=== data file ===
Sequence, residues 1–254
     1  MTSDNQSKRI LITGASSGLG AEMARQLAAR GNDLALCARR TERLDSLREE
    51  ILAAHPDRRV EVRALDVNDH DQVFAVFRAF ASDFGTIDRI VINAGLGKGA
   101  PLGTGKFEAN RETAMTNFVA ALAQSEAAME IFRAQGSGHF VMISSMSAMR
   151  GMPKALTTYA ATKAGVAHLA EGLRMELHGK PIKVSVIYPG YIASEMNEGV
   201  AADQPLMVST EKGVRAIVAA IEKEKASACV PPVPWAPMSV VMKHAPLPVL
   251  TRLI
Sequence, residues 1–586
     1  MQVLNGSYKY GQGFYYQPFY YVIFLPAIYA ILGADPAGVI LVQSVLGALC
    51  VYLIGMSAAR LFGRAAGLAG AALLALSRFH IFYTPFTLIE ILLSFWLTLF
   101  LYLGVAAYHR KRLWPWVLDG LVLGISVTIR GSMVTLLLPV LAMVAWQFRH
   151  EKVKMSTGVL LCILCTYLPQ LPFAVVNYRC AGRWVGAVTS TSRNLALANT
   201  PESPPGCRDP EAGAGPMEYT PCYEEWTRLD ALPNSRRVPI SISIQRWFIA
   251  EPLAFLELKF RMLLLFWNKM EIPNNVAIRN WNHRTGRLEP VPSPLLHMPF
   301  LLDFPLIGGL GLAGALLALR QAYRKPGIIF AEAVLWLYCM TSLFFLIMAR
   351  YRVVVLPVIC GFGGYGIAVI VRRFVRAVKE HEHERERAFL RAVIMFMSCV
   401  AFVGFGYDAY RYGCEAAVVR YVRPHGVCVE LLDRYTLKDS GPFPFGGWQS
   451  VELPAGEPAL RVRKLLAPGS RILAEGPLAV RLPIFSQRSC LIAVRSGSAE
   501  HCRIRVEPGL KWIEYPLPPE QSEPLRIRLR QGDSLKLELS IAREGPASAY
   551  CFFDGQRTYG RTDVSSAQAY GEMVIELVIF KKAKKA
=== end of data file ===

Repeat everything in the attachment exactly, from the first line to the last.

Sequence, residues 1–254
     1  MTSDNQSKRI LITGASSGLG AEMARQLAAR GNDLALCARR TERLDSLREE
    51  ILAAHPDRRV EVRALDVNDH DQVFAVFRAF ASDFGTIDRI VINAGLGKGA
   101  PLGTGKFEAN RETAMTNFVA ALAQSEAAME IFRAQGSGHF VMISSMSAMR
   151  GMPKALTTYA ATKAGVAHLA EGLRMELHGK PIKVSVIYPG YIASEMNEGV
   201  AADQPLMVST EKGVRAIVAA IEKEKASACV PPVPWAPMSV VMKHAPLPVL
   251  TRLI
Sequence, residues 1–586
     1  MQVLNGSYKY GQGFYYQPFY YVIFLPAIYA ILGADPAGVI LVQSVLGALC
    51  VYLIGMSAAR LFGRAAGLAG AALLALSRFH IFYTPFTLIE ILLSFWLTLF
   101  LYLGVAAYHR KRLWPWVLDG LVLGISVTIR GSMVTLLLPV LAMVAWQFRH
   151  EKVKMSTGVL LCILCTYLPQ LPFAVVNYRC AGRWVGAVTS TSRNLALANT
   201  PESPPGCRDP EAGAGPMEYT PCYEEWTRLD ALPNSRRVPI SISIQRWFIA
   251  EPLAFLELKF RMLLLFWNKM EIPNNVAIRN WNHRTGRLEP VPSPLLHMPF
   301  LLDFPLIGGL GLAGALLALR QAYRKPGIIF AEAVLWLYCM TSLFFLIMAR
   351  YRVVVLPVIC GFGGYGIAVI VRRFVRAVKE HEHERERAFL RAVIMFMSCV
   401  AFVGFGYDAY RYGCEAAVVR YVRPHGVCVE LLDRYTLKDS GPFPFGGWQS
   451  VELPAGEPAL RVRKLLAPGS RILAEGPLAV RLPIFSQRSC LIAVRSGSAE
   501  HCRIRVEPGL KWIEYPLPPE QSEPLRIRLR QGDSLKLELS IAREGPASAY
   551  CFFDGQRTYG RTDVSSAQAY GEMVIELVIF KKAKKA